Archives For Summits On The Air

This post is part of a short series of posts describing my weekend backpacking the first three sections of the Benton MacKaye Trail on March 21st-23rd:
Backpacking Benton MacKaye Trail Prologue
Backpacking Benton MacKaye Trail Section 1
Backpacking Benton MacKaye Trail Section 2
Backpacking Benton MacKaye Trail Section 3
Backpacking Benton MacKaye Trail Epilogue

This past weekend I backpacked the first three sections of the Benton MacKaye Trail with 7 strangers.  But before I tell you how all that went down, let’s drag this story out a bit…

It’s been a while since I’ve been backpacking.  As best as I can tell, I believe the last time I went was when RakeTheTable, DuckHunter and I went to Shining Rock. That was September 2011.  I didn’t think it had been that long, but apparently it had.  So I wasn’t about to turn down an invitation to go backpacking… unless DuckHunter was planning the trip. 😛

To be honest, I wasn’t familiar with the Benton MacKaye Trail.  When I was first invited, I mistakenly thought the person was talking about the Bartram Trail (of which I am familiar).  It wasn’t until later that I realized I had the wrong trail in mind and started reading about the right trail. (Sorta important when planning, ya know?)

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As a Ham Radio operator and a Linux enthusiast, my options for programs to log QSOs is somewhat limited.  Unlike the Windows environment, there are only a handful of Linux logging programs to chose from.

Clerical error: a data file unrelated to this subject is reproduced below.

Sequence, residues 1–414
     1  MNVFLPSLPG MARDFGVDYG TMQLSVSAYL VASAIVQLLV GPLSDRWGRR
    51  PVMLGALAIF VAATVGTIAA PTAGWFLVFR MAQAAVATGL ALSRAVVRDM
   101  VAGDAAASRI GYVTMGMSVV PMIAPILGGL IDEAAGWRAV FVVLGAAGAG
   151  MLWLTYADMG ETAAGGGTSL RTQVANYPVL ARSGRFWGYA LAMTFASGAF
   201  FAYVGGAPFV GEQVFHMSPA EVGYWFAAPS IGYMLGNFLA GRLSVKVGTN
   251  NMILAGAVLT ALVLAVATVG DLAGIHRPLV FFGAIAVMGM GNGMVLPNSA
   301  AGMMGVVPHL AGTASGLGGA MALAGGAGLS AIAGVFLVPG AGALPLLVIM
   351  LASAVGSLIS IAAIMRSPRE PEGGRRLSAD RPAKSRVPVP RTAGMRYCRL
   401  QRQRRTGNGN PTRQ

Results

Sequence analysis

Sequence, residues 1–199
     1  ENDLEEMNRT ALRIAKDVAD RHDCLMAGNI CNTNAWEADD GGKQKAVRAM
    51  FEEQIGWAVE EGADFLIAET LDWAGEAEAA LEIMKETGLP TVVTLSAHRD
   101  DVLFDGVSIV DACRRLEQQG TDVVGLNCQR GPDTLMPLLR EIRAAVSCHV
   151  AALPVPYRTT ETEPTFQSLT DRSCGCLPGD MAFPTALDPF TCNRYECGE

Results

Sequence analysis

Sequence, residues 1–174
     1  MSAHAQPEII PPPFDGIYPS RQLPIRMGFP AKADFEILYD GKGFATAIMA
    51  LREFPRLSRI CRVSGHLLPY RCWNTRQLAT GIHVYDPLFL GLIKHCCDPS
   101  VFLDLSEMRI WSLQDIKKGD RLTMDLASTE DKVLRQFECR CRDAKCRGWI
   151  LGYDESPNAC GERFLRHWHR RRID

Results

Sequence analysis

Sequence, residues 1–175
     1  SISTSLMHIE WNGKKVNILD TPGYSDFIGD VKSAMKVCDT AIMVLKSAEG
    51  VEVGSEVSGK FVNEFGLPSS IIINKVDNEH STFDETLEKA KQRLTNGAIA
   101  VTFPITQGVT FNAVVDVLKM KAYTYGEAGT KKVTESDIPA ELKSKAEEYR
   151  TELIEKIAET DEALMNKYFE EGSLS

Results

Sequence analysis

I had initially taken a liking to CQRLOG for it’s powerful logging features but quickly became disappointed with it’s system requirements.  Namely, it won’t run on a Raspberry Pi — especially when operating side-by-side with FLDIGI.  While I don’t use a Raspberry Pi as the primary computer in my shack, I’d like to have that low-power option should I need it. (Such as, for a Field Day.)

Ultimately, I decided upon Xlog not only for it’s ability to run on systems with less horsepower but also in part because of it’s speed and simplicity of use.  I also liked that it uses a flat file for the log instead of a database on the backend.  (However, check back with me when I have several thousand contacts and we’ll see how that flat file holds up.)

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Not knowing when I might actually get on the trail to complete another activation, I took advantage of another nearby mountain to complete back-to-back activations.  So with the help of K4KPK’s Pine Mountain SOTA Guide, I made Pine Mountain outside Cartersville, GA my second activation of the day.

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My son is nearly 8 months old and I’ve had neither the opportunity, nor a cooperating schedule since he’s been born to either get out in the woods or even contemplate completing a Summits On The Air activation.  Knowing it would be sunny and clear skies, I decided I would brave the cold temperatures (< 40deg F) and constant breeze for an opportunity to play radio at the top of a local mountain.

So with the help of K4KPK’s Vineyard Mountain SOTA Guide, I selected Vineyard Mountain outside Cartersville, GA for my first stop.

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